• GNU parallel (you can do without but it might take a really long time. Installing should be as simple as (wget -O - || curl || fetch -o - | bash, see e.g. here)
  • ImageMagick to downscale images to 256 pixels
  • fjcommon (pip install fjcommon) to create TF Records

Note that creating all records will likely take several hours. Note that the following was tesed using zsh.

1. Get ImageNET, in the proper format

You need to download ILSVRC2012_img_train.tar and ILSVRC2012_img_val.tar (a good resource is the Inception script). For the following instructions, we assume both tar files are located in a directory data.

    # in data/

    mkdir train val

    pushd train
    tar xvf ../ILSVRC2012_img_train.tar

    pushd val
    tar xvf ../ILSVRC2012_img_val.tar

This will unpack to 1000 .tar containers into train/ and 50000 .JPEG images into val/. Now, we need to extract the training images. This may take a while depending on your setup.

    # in data/
    pushd train
    find . -name "n*.tar" | parallel -j64 'mkdir -vp {/.} && tar xf {} -C {/.}'

2. Downsample

We downsample each image to have 256 pixels on the shorter side, by executing the following command in data/. Again, this is very time-consuming, so if you have access to some CPU cluster, it might make sense to run it there.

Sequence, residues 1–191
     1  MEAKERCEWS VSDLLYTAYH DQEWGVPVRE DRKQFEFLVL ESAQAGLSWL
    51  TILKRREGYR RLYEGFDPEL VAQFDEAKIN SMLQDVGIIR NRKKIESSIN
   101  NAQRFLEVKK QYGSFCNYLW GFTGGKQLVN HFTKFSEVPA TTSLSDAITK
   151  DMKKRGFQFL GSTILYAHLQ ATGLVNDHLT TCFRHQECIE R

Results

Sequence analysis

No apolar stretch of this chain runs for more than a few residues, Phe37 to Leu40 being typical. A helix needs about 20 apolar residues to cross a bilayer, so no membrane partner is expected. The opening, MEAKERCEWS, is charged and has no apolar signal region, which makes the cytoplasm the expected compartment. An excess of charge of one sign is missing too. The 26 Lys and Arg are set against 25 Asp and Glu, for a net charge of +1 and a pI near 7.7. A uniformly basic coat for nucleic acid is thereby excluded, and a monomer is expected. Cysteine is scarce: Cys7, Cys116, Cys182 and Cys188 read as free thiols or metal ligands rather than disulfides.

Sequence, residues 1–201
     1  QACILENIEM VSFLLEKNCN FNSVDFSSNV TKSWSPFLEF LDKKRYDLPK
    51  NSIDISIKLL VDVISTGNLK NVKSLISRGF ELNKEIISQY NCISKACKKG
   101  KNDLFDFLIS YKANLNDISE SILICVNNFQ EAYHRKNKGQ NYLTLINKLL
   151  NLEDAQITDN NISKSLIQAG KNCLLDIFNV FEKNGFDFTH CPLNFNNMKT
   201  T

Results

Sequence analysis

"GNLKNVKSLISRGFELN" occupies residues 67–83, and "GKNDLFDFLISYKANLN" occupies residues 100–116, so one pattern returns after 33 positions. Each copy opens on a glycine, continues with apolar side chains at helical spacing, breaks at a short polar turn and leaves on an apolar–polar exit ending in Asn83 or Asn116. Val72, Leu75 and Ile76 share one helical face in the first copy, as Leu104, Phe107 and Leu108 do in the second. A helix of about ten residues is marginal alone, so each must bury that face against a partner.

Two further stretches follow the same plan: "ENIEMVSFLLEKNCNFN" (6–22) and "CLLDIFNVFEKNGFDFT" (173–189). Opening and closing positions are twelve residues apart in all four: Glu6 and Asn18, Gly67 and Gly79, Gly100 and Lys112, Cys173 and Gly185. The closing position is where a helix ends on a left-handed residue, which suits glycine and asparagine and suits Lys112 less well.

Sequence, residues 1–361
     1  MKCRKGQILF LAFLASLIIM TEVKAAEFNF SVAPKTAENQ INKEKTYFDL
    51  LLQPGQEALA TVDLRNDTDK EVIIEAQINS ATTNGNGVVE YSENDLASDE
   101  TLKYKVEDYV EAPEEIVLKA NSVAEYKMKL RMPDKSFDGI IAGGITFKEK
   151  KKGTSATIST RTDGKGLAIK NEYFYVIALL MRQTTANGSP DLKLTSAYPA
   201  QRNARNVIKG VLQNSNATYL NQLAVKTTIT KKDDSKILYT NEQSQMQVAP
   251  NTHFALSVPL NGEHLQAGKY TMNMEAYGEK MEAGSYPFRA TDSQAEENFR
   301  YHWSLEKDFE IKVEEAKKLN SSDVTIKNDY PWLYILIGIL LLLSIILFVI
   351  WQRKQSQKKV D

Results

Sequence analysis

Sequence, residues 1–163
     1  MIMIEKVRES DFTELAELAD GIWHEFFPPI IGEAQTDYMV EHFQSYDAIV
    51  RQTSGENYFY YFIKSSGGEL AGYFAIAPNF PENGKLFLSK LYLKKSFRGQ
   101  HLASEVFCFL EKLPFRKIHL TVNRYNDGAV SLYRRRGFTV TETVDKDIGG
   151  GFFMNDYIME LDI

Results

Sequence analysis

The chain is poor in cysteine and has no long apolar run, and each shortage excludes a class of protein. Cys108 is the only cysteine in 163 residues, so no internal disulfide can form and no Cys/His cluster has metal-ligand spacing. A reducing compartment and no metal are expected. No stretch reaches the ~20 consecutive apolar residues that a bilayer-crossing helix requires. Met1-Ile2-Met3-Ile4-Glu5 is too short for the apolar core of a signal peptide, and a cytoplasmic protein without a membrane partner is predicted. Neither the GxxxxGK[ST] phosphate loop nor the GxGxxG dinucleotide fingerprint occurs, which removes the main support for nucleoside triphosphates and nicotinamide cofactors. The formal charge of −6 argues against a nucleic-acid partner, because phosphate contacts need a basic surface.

# in data/
    find . -name "*.JPEG" |  parallel -j64 convert -verbose {} -resize "256x256^" {}

3. Create records

Now it's time to pack the images into TF record files. We will save them in data/records/:

    # in data/
    mkdir -p records/train
    mkdir -p records/val

    pushd train
    find . -name "*.JPEG" | parallel --bar -j64 -N 1250 \
        'OUTPUT_PATH=$(printf "../records/train/train-%05d.tfrecord" {#});' \
        'python -m fjcommon tf_records mk_img_rec {} -o $OUTPUT_PATH --feature_key image/encoded'

    pushd val
    find . -name "*.JPEG" | parallel --bar -j16 -N 1250 \
        'OUTPUT_PATH=$(printf "../records/val/val-%05d.tfrecord" {#});' \
        'python -m fjcommon tf_records mk_img_rec {} -o $OUTPUT_PATH --feature_key image/encoded'


Make sure the following environment variable is set before running

    export RECORDS_ROOT=path_to_data/records


If you use this code for your research, please cite this paper:

    Author = {Mentzer, Fabian and Agustsson, Eirikur and Tschannen, Michael and Timofte, Radu and Van Gool, Luc},
    Booktitle = {Proceedings of the IEEE Conference on Computer Vision and Pattern Recognition (CVPR)},
    Title = {Conditional Probability Models for Deep Image Compression},
    Year = {2018}}


TensorFlow implementation of Conditional Probability Models for Deep Image Compression, published in CVPR 2018